Jordi Via
Me quedo con esta frase "Donde todo se sabe no hay narración posible", y ya no puedo añadir mucho más.
Ned Mozier
John Grady Cole and his good friend (and spiritual brother) Billy are the last of a dying breed, young cowboys hanging onto the life of a rancher in Texas. This tale is deliciously and slow, with dialogue as simple and true as a home cooked meal. There are no quotations around the dialogue and the frequent use of Spanish is emblematic McCarthy, but I got used to it quickly. The souls of horses and the workings of their brains is a frequent topic amongst the boys and the older men. The desolate p ...more
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The last book in the author's Border Trilogy in which the protagonists of the first two novels have met and are now working on a ranch together; a 10 years older Billy Parham and a not much older John Grady Cole. Both act as a catharsis on one another, with the older, more worldly and less idealic Parham trying to reign in Cole's utterly uninhibited and potentially self-destructive energies. From the very beginning the personalities of the characters and the texture of the book's settings leap o ...more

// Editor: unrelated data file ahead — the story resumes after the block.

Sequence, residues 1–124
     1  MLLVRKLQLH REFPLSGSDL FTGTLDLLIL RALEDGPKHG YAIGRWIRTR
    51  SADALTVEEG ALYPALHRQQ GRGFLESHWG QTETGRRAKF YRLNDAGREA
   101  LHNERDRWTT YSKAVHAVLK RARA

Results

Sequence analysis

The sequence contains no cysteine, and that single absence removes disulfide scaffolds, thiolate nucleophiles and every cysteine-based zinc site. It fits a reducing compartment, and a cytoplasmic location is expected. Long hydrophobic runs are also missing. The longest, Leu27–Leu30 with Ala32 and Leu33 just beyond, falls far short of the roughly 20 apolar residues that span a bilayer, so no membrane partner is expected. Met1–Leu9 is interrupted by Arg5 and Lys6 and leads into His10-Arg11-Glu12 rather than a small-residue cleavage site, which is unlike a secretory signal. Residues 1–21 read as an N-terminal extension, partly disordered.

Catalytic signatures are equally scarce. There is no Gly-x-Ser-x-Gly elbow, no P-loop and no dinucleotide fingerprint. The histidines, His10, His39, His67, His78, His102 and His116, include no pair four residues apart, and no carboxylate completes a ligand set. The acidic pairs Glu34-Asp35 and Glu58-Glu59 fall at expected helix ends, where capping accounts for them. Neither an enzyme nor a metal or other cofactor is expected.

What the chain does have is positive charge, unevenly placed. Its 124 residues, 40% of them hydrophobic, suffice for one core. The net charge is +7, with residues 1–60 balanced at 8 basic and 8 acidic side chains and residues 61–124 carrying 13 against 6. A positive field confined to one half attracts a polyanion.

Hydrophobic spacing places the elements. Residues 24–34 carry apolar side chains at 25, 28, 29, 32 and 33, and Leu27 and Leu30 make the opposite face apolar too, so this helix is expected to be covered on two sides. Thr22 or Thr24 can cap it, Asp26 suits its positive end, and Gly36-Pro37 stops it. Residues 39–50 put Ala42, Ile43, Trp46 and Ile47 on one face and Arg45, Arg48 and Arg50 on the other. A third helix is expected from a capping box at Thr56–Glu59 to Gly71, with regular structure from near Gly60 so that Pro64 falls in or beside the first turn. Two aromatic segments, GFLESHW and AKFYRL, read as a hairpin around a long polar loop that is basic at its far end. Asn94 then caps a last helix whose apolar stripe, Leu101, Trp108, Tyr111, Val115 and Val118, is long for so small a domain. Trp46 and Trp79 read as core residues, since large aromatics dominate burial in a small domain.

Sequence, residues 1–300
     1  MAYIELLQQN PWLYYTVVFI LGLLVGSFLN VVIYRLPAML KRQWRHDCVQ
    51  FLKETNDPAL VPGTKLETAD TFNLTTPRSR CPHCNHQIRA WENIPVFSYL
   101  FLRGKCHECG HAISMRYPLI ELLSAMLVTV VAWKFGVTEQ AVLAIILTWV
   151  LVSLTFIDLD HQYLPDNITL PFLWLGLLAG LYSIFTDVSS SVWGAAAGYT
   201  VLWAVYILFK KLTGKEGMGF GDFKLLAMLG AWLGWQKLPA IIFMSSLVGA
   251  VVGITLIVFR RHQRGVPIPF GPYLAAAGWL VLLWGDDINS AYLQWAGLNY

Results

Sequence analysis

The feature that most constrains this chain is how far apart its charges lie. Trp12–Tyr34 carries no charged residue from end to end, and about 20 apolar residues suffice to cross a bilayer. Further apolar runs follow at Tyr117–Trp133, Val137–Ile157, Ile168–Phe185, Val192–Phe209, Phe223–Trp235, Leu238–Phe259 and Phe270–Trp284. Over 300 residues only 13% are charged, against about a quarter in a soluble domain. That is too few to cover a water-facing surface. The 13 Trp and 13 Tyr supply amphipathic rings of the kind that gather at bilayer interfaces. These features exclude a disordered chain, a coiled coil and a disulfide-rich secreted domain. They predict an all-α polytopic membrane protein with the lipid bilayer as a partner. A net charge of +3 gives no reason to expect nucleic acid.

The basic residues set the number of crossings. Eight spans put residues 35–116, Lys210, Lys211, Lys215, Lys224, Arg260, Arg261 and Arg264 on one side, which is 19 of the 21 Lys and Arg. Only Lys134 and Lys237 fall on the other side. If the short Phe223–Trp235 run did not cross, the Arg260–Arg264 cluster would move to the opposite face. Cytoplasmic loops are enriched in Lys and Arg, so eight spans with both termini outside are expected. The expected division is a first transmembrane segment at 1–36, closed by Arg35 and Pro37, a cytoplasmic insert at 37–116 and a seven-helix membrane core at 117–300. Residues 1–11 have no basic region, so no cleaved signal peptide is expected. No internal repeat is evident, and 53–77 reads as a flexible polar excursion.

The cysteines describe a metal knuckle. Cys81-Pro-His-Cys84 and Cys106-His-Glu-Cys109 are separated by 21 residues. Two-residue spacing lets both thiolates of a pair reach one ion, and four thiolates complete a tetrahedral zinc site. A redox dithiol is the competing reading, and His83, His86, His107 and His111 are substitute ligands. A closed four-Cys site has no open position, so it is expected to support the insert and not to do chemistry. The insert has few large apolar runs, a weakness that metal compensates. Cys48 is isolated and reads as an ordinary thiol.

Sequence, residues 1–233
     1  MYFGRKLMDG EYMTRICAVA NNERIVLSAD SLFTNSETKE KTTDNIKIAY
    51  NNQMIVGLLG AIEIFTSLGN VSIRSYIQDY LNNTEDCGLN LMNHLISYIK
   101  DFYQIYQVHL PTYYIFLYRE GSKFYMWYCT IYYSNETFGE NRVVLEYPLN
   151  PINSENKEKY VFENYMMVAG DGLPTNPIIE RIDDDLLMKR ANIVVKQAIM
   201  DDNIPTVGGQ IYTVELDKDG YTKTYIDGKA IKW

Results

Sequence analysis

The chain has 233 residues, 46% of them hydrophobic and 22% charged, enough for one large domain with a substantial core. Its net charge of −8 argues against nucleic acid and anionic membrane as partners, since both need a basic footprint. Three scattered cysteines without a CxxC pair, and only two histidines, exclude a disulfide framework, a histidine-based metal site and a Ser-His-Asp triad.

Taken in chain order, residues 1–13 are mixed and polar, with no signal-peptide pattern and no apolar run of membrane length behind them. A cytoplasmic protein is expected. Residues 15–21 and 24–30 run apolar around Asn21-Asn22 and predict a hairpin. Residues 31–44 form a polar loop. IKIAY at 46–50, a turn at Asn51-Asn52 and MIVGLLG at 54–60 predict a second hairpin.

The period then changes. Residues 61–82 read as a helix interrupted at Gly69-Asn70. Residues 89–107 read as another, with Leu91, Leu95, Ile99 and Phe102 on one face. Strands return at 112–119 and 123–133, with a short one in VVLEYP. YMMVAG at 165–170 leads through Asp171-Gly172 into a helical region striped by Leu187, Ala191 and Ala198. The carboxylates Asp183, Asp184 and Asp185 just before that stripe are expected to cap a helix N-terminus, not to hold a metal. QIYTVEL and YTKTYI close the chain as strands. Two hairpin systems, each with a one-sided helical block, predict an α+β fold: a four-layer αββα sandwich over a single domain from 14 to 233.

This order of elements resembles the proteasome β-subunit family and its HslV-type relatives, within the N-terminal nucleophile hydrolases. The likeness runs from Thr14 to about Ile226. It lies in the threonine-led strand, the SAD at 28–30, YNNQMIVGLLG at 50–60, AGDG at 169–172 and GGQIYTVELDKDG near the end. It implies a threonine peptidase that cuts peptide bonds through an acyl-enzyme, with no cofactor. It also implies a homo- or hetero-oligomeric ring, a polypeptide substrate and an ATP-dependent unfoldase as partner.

This a fitting end to the epic Border Trilogy. It didn't end happily-ever-after, in fact I don't think that any of McCarthy's stories end that way, but all are more true to life than we would like to admit. The world and our places in it are often messy and violent.

All of the stories of his that I have read are salted with wisdom, here is a example from Cities of the Plain, this from a conversation between John Gray and his blind friend in a discussion about padrinos (godparents), the blind fri
It’s probably not a secret at this point that I’m a McCarthy groupie. These books are just so good. This third of the loosely-defined Border Trilogy novels bring together John Grady Cole of All the Pretty Horses and Billy Parham of The Crossing, who are now working on the same ranch in West Texas. Neither of the men’s histories are mentioned in any great detail in this book, but I feel like it would be a horrible shame to read this book without understanding the back-story from the previous two ...more